Dr. Reza Bani Hashemi also says injecting a dose of the jab increases the amount of antibodies in the nasal and mucosal areas and reduces the entry of the virus into the upper respiratory tract, resulting in less transmission of the virus.
According to him, Razi CovPars vaccine is used both by injection and by inhalation.
Bani Hashemi added that by injecting two doses of the vaccine and 14 days after the injection of the second dose, complete protection is created, which shields the person against acute illness.
“The key point that many vaccine producers ignored was that when you inject the vaccine, you may not get an acute illness, but you might still spread the virus,” he added.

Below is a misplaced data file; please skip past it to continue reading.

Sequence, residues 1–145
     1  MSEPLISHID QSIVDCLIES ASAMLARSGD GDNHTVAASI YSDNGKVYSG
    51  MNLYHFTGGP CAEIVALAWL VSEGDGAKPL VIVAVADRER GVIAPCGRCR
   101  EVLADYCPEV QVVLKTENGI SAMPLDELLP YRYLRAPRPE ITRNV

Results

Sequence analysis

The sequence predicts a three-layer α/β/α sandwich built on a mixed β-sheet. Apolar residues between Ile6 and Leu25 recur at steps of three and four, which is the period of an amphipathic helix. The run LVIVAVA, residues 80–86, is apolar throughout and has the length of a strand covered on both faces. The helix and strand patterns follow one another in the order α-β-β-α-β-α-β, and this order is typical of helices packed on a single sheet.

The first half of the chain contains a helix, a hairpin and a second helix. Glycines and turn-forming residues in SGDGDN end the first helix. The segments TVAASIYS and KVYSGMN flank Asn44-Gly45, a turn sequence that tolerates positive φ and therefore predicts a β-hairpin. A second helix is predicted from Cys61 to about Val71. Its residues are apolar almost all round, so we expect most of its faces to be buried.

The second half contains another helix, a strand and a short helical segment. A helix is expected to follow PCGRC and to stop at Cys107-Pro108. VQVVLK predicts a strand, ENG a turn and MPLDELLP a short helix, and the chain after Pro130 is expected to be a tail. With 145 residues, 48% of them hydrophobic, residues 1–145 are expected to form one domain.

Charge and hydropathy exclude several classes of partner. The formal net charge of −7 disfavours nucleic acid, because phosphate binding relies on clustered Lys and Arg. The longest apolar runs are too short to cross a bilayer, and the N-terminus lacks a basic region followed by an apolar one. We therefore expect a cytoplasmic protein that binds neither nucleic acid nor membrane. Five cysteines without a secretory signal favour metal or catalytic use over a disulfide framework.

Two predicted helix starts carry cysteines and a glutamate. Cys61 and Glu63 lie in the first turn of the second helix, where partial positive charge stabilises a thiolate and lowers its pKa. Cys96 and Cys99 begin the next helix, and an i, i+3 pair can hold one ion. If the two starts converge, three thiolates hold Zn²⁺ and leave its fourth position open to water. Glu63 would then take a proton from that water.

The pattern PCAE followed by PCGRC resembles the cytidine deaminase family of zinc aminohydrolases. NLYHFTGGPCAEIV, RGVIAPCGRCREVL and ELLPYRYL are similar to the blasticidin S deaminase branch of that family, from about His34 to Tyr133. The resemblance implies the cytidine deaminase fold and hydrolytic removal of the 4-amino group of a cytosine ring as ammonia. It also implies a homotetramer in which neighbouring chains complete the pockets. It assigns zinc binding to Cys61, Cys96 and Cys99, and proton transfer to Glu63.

Bani Hashmei reiterated that the Iranian-made vaccine eliminates the need for the least amount of virus to be transmitted through an asymptomatic person.
He added that Razi Institute is capable of producing 100 million doses of the jab by September.
Bani Hashemi said the institute is trying to register Razi CovPars with the World Health Organization and has already held two meetings with the body, adding this process is time consuming.
The director of Razi Institute said so far, two or three countries have requested vaccines from the company, but the institute must first meet domestic needs.